"Brave" and Homosexuality: 5 Reasons The Argument Is Asinine

We haven’t talked about it much, but “Brave” is actually a really good movie, if a bit bizarre coming from Pixar. It’s very much a fairy tale, but with a lot of the Disney tropes stripped out. Both parents are alive, present, and loving. Until the second act, it’s really a family drama about a teenager rubbing up against the bonds of what’s expected to her versus what she actually wants.

Then, of course, the fantasy aspects kick in.

It’s a good movie, but the high-minded critics of the day happen to notice that Pride was happening and so all of the discussion has been about whether or not we have our first lesbian Disney princess, and how it’s important that she “could be” a lesbian.

Not so much. Here are five reasons why the whole argument is asinine.

It Misses the Point of the Story

Arguing over whether Merida “could be” a lesbian or not misses pretty much the entire point of the movie: that adults are unable to, and shouldn’t try to, force their children into a role. Instead, they need to let them find their own place in the world and define themselves.

A message of tolerance and acceptance? Absolutely. Applicable to sexuality? Absolutely. But the message is a bit broader than that, and the fact that large groups of adults immediately start arguing over what box to shove her into is a facepalm moment of epic proportions.

The Movie Is As Much About Her Mother As Merida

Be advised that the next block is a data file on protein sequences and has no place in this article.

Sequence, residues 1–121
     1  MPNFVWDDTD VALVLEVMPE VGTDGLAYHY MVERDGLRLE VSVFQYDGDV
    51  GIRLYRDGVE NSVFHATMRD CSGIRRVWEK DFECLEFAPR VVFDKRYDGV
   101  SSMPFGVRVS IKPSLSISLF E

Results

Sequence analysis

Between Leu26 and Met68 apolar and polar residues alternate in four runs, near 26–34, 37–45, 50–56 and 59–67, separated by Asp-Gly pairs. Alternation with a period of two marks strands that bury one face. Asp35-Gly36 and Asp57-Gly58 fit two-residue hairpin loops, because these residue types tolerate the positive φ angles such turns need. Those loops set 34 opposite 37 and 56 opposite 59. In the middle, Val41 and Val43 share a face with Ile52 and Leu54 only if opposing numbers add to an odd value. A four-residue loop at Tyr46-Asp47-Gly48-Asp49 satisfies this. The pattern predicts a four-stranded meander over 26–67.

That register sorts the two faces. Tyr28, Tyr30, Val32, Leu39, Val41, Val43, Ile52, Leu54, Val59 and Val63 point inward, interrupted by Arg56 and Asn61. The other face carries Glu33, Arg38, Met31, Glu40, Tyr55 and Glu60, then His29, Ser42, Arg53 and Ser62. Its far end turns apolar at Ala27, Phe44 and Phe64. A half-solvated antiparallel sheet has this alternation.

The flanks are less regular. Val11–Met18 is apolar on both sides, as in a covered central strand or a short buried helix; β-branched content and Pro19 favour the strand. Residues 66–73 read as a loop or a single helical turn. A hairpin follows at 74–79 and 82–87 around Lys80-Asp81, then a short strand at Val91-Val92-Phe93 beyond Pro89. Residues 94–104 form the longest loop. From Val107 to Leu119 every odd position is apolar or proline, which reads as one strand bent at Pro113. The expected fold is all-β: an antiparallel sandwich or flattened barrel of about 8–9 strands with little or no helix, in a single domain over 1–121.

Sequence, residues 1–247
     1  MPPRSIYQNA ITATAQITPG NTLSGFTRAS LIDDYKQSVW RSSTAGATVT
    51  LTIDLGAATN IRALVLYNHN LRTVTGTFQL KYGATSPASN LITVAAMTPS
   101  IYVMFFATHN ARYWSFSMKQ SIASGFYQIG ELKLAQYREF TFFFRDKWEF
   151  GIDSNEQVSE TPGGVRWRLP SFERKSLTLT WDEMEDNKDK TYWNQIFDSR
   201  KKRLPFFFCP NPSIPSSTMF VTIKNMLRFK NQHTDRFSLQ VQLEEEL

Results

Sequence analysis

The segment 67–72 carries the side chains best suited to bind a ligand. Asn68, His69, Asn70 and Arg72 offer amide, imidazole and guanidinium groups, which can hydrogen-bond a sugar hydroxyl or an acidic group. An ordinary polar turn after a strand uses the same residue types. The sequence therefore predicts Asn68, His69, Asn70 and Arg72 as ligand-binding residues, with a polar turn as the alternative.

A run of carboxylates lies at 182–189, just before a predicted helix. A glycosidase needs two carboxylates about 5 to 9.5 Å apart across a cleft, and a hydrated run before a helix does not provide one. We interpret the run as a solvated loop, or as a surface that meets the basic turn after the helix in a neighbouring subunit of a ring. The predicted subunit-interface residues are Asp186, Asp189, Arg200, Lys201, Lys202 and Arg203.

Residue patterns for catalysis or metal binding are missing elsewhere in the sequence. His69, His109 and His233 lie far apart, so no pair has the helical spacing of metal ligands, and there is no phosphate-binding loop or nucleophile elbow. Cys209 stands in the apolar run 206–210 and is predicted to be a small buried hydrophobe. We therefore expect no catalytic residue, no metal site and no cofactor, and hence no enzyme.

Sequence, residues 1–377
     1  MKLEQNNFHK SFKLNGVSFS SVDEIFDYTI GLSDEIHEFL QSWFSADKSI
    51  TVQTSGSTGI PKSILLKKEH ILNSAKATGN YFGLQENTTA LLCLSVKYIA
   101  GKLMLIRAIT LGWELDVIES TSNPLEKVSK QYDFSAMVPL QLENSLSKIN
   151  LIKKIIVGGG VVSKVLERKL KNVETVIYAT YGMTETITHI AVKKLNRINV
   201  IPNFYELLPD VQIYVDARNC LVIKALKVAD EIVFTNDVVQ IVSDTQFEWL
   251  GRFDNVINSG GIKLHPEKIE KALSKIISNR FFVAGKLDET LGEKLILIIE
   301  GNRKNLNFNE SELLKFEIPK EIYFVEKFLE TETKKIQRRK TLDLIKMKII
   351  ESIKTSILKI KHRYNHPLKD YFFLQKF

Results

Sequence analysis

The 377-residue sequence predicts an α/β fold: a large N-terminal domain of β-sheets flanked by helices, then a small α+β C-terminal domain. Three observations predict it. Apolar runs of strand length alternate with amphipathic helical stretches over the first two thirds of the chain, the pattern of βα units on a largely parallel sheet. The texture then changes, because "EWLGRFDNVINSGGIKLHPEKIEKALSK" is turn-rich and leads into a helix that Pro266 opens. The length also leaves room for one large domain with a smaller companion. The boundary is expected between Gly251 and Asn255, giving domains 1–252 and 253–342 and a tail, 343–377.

The overwhelming point of the movie is not that Merida likes boy things, it’s that she’s not her mother, and both mother and daughter are letting their differences in personality get in the way of actually talking and working out their problems. There’s a great scene in the movie that intercuts the two of them actually having an adult conversation and concluding at the end it would never happen.

Later on, there’s a scene played for comedy about Merida being stuffed into a dress that underscores the point: her mother is literally unable to see how Merida can’t fit.

Not All Athletic Women Are Lesbians, People

Apparently the compelling argument that this movie has a lesbian subtext (and I notice no openly gay film critics have made this argument) is that Merida, our heroine, likes archery and climbing rocks. Her dislikes include arranged marriages and uncomfortable dresses.

Are you kidding me? Really? Really?!

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